While a loss of visual acuity is often associated with senior citizens, various diseases and conditions of the eye can affect children. The American Academy of Opthalmology says many conditions and diseases can impact a child’s vision. Early diagnosis and treatment are critical to improving a youngster’s eye health and helping him or her see and feel better.
Learning about certain conditions and how to recognize their accompanying symptoms can help parents ensure kids get the treatment they need.
Often referred to as “lazy eye,” amblyopia may be characterized by reduced vision in an eye that has not received adequate use during early childhood. Amblyopia may result from misalignment of a child’s eyes or from one eye focusing better than the other. If left untreated, the weaker eye can continue to weaken until it is rendered useless. Sight in the affected eye can be restored if treatment is begun early, says Prevent Blindness America.
Glasses, eye exercises or surgery may be prescribed to help fix the underlying causes of the condition as well.
Astigmatism is a condition wherein objects viewed at both a distance and close up can appear blurry. Experts say it occurs from the uneven curvature of the cornea or lens, which prevents rays of light from entering the eye and focusing on a single point on the retina, otherwise known as a refractive error. Prescription eyeglasses often fix astigmatism. All About Vision also says that refractive surgery may correct astigmatism.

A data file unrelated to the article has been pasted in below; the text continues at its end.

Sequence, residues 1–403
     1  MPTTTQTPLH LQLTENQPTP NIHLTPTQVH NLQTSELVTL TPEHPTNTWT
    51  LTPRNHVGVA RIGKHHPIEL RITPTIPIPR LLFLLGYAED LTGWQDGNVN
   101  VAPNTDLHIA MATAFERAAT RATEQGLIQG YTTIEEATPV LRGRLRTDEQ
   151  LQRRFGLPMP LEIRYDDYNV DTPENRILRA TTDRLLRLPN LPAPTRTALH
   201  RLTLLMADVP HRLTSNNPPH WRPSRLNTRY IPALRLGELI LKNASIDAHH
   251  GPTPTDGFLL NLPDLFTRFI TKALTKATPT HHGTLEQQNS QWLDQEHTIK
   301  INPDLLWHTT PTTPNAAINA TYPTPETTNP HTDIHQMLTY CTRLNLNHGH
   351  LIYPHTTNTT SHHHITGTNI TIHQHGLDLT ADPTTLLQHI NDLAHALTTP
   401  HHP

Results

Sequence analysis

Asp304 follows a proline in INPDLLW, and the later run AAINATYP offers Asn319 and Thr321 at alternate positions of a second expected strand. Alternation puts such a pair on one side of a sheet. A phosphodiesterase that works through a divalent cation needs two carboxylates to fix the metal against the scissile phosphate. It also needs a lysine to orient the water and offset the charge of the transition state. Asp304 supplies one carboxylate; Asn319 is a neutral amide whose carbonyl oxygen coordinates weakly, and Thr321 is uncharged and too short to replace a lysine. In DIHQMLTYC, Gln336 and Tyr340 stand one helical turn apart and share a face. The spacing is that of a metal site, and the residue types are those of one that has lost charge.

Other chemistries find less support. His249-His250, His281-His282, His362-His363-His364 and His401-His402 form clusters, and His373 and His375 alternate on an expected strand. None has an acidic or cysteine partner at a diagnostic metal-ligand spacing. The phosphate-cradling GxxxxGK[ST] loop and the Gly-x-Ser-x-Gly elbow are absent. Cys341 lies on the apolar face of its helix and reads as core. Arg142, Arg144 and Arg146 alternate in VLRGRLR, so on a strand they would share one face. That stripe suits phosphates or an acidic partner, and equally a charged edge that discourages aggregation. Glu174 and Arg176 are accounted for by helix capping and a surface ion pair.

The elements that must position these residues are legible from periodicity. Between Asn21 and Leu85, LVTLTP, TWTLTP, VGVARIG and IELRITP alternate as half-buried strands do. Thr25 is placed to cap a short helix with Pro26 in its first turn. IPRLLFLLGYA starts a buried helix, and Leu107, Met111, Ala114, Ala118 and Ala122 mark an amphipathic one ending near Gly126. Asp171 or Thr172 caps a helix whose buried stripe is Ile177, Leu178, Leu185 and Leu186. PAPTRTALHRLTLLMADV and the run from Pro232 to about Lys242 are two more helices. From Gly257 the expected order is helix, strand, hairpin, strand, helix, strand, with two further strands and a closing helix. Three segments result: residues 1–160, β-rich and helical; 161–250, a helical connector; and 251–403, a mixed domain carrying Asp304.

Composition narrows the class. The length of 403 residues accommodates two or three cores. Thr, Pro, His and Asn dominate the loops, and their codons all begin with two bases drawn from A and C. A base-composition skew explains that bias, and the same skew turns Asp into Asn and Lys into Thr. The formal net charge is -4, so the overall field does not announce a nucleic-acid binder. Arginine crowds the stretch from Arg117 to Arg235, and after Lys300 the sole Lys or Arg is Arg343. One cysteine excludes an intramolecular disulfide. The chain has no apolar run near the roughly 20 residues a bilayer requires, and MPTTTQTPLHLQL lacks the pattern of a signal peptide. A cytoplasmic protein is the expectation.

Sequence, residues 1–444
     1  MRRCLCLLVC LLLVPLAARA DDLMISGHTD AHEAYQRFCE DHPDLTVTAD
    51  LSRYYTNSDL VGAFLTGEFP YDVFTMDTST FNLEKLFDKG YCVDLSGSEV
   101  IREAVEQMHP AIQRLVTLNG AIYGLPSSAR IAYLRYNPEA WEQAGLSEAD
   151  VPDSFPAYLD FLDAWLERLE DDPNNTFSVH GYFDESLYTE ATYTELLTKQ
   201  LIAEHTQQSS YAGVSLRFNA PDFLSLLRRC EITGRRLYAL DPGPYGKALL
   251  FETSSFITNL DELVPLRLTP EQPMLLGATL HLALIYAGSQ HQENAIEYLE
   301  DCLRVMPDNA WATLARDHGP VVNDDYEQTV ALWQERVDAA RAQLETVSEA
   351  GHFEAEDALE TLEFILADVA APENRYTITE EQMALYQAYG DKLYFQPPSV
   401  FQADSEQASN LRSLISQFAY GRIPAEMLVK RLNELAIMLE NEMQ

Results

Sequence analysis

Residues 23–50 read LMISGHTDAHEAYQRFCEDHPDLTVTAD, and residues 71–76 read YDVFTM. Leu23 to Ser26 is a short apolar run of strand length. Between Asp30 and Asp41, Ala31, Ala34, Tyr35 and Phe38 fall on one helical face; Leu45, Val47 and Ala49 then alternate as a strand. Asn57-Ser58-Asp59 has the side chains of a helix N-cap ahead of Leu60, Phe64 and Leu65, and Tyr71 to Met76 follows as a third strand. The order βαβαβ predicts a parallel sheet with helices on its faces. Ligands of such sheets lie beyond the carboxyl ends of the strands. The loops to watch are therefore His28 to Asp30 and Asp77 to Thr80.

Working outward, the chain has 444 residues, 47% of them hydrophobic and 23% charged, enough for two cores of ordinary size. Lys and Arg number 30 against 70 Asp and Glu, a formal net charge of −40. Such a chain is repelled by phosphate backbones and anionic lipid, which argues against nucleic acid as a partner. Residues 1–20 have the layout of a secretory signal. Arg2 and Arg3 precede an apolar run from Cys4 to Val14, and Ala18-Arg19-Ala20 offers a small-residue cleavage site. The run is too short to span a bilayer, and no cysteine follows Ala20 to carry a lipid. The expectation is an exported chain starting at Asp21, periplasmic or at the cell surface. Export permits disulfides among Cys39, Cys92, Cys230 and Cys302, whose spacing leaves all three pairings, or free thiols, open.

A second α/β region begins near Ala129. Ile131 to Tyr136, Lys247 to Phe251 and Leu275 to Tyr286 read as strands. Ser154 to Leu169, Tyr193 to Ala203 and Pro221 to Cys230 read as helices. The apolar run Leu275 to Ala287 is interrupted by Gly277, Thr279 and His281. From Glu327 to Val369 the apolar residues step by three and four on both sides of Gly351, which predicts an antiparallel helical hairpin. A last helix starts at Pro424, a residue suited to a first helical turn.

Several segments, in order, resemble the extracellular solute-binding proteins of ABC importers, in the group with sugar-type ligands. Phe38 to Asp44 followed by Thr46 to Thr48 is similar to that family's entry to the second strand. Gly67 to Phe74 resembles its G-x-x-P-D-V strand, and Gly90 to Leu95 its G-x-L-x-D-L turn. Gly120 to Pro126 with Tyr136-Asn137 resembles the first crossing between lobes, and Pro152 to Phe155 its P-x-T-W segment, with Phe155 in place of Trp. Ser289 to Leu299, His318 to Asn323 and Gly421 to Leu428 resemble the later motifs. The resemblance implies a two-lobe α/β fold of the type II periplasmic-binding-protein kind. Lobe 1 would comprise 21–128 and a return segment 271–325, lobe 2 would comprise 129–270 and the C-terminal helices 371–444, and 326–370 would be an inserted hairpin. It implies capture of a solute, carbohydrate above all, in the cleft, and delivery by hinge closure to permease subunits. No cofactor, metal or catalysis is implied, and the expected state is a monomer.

The main symptom of color blindness is difficulty distinguishing between colors or making mistakes when identifying colors, particularly those shaded red and green.
Typically by age five, children with normal color vision will be able to identify groups of colors, so if a school-aged child is having difficulty or showing disinterest in coloring, he or she may benefit from a colorblindness test. The National Eye Institute says color blindness is much more common in males than in females.
This rare condition, also known as congenital glaucoma, occurs in infants and young children. The Glaucoma Research Foundation says incorrect development of the eye’s drainage system before birth leads to increased intraocular pressure, which can damage the optic nerve. Enlarged eyes, corneal cloudiness and sensitivity to light can be symptoms. Medication and surgery are required in most cases.
Strabismus is a condition of misaligned eyes. It occurs when the eye muscles fail to work together and the eyes turn inward, outward, upward, or downward. By the age of three to four months, an infant’s eyes should be able to focus and be straight and parallel. Parents should consult an eye care professional if they notice eye alignment problems in their children.
Pink eye (conjunctivitis), diabetes-related eye problems and other refractive errors also can occur in children.
Routine eye examinations can identify problems and get children the treatment they need.